Is birth by caesarean linked to allergy risk?

Does a caesarean birth make you more likely to develop an allergy later on?
26 May 2023

Interview with 

Rachel Peters, MCRI


Yawning baby wrapped in cloth


Allergies can appear at any time in our lives including in old age, but that doesn’t mean their foundations aren’t laid early on. And some studies have pointed a finger at caesarian birth as a risk factor for food allergies. But is it? Rachel Peters works for the MCRI, which is a medical research institute based in Melbourne in Australia.

Rachel - There's been a rise in food allergies over the last two to three decades and it's prompted researchers to look at, well, what other things have been going on in the environment around the same time that allergies have been rising? And one of the things that has changed is how babies have been born. So we've seen a rise in the number of babies born by caesarean over the last 30 years. And this occurred at around the same time that food allergies were on the rise as well. So it did seem that there was possibly a link. So we explored this question in the health nurse study and we found that around one third of babies are born by caesarean in Melbourne, Australia. And food allergy occurred in around 10% of infants who were born by caesarean.

Will - Is that higher than other methods of delivery?

Rachel - It's actually quite similar. So in the babies who were born by a vaginal birth, 11% had a food allergy.

Will - So that's seemingly going against the grain of previous studies that said there was a link between C-section and having food allergies.

Rachel - I have to admit we were a bit surprised by the findings. You know, there are some studies out there showing that caesareans may increase the risk and a lot of this previous research used sort of poor proxies for food allergy, not gold standard outcomes that we've used in our study.

Will - So when people looked at rising food allergies and correlated it with the rising number of C-sections, what do you think might have led them to this conclusion?

Rachel - The hypothesis that could explain the link between how babies are born and developing an allergy is called the microbial exposure hypothesis. And this suggests that a lack of exposure to a variety of microbes and infections in early life can influence the developing immune system and predispose it to an allergic phenotype. So there are millions of microbes and bacteria in our body, and this is called the microbiome. And the microbiome plays a really important role in how the immune system develops. Now, babies get their first microbiome from their mothers during birth, and if a baby is born by a caesarean rather than a vaginal delivery, then they have less exposure to their mother's microbiome. So previous research has shown that babies who are born by a caesarean have a different microbial composition compared to babies who are born by a vaginal delivery. And then there's other research which shows that children who have a food allergy have a different microbial composition in their gut compared to children who don't have a food allergy. So as well as the temporal association that we'd seen between an increase in babies being born by caesarean and rising food allergies, there is also a plausible link that how a baby is born could affect their risk of an allergy.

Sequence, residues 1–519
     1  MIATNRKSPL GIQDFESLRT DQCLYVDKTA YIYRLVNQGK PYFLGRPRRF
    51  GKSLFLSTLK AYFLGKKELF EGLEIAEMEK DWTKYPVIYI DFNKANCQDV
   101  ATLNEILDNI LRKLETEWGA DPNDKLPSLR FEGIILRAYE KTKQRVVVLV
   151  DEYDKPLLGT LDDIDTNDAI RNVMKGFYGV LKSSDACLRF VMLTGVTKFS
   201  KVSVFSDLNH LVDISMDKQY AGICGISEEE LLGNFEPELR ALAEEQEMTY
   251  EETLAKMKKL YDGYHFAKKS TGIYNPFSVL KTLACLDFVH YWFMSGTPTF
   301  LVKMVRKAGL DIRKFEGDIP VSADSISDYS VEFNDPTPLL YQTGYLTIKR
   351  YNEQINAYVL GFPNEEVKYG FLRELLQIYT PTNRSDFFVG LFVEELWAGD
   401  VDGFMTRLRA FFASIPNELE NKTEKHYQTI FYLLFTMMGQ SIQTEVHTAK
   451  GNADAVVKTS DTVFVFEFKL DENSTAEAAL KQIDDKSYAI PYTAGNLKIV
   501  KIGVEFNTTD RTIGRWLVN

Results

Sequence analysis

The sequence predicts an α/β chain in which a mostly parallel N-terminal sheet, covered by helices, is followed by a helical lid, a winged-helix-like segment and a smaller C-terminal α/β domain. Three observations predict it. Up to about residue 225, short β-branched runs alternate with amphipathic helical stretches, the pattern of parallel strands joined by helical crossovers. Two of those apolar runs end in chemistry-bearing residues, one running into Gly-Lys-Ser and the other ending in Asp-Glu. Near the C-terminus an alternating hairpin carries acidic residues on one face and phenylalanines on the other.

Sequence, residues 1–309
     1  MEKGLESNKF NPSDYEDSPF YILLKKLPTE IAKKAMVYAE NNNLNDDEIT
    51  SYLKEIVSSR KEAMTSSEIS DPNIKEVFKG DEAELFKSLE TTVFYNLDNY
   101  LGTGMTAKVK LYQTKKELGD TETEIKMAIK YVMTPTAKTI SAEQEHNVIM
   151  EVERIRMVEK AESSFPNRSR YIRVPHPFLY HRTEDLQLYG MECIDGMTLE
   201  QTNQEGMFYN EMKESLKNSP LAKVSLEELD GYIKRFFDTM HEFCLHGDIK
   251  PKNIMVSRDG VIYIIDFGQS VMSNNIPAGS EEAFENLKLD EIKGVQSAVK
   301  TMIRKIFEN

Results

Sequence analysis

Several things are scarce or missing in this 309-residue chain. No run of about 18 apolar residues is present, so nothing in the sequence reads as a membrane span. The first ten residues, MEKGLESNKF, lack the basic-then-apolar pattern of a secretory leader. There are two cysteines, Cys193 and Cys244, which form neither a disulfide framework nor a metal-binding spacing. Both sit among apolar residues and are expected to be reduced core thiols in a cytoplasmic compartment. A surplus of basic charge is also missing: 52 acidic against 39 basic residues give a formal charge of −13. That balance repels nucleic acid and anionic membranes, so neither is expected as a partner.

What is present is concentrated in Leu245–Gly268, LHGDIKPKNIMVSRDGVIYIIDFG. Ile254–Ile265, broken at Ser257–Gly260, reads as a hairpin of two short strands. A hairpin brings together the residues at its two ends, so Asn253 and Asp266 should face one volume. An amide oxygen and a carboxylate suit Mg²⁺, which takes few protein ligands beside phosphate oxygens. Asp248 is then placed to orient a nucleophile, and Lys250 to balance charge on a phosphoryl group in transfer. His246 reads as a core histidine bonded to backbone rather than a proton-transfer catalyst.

Will - If your study showed that c-sections do not increase the amount of food allergies, what might be responsible for the rising numbers instead then?

Rachel - I guess there are a number of factors that contribute to why children develop food allergies, and we can't pinpoint it on just one thing. We've seen that babies who grow up around pet dogs or have older siblings and are therefore going to be exposed to more germs and microbes from the environment, have a lower risk of having allergies. There's some evidence that vitamin D plays a role, but one of the biggest things we know is that the timing that babies are introduced to allergenic foods in the infant's diet can actually help to prevent food allergies. So this has sort of been one of the biggest findings in the last 10 years in the field of food allergy. And research has found that babies who are introduced to allergenic foods such as peanut and egg in the first year of life can actually help prevent them from developing food allergies.

Will - So exposing children to potentially allergy causing foods at an early stage might benefit them?

Rachel - This is a strategy with the strongest evidence to date. So in Australia, we recommend that babies should be introduced to allergenic foods such as peanut and egg in the first year of life. And once you've introduced that food in the diet, it's important to keep giving your infants that food. We also looked at the difference between an elective and an emergency caesarean because we initially thought when we first did this study that perhaps we didn't find an association because we combined all types of caesareans, but they could actually confer a different level of risk. So in an emergency caesarean, labour has often already started and the baby has an opportunity to be exposed to the mother's microbiome. But in an elective caesarean, often labour hasn't begun and these are sort of considered to be more sterile and that the babies then aren't exposed to the mother's birth canal. So when we analyse this data, reassuringly, we actually found that still there was no difference in risk of babies developing allergies, depending on whether it was an emergency or an elective caesarean, or whether the cesarean occurred with or without the initiation of labour.


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